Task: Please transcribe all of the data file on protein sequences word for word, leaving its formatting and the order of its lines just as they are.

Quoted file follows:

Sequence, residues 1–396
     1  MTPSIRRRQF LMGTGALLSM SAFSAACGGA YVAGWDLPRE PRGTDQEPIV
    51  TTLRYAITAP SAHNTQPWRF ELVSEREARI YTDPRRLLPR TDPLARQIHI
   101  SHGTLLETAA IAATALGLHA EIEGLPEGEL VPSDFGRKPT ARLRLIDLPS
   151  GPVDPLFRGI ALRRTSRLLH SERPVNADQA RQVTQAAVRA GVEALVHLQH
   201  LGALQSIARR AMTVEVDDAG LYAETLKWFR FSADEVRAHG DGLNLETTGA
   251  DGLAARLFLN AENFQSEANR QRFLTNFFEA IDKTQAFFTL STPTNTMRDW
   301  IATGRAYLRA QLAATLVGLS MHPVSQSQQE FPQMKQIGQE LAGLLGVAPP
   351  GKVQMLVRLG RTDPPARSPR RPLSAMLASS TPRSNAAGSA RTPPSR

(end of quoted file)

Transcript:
Sequence, residues 1–396
     1  MTPSIRRRQF LMGTGALLSM SAFSAACGGA YVAGWDLPRE PRGTDQEPIV
    51  TTLRYAITAP SAHNTQPWRF ELVSEREARI YTDPRRLLPR TDPLARQIHI
   101  SHGTLLETAA IAATALGLHA EIEGLPEGEL VPSDFGRKPT ARLRLIDLPS
   151  GPVDPLFRGI ALRRTSRLLH SERPVNADQA RQVTQAAVRA GVEALVHLQH
   201  LGALQSIARR AMTVEVDDAG LYAETLKWFR FSADEVRAHG DGLNLETTGA
   251  DGLAARLFLN AENFQSEANR QRFLTNFFEA IDKTQAFFTL STPTNTMRDW
   301  IATGRAYLRA QLAATLVGLS MHPVSQSQQE FPQMKQIGQE LAGLLGVAPP
   351  GKVQMLVRLG RTDPPARSPR RPLSAMLASS TPRSNAAGSA RTPPSR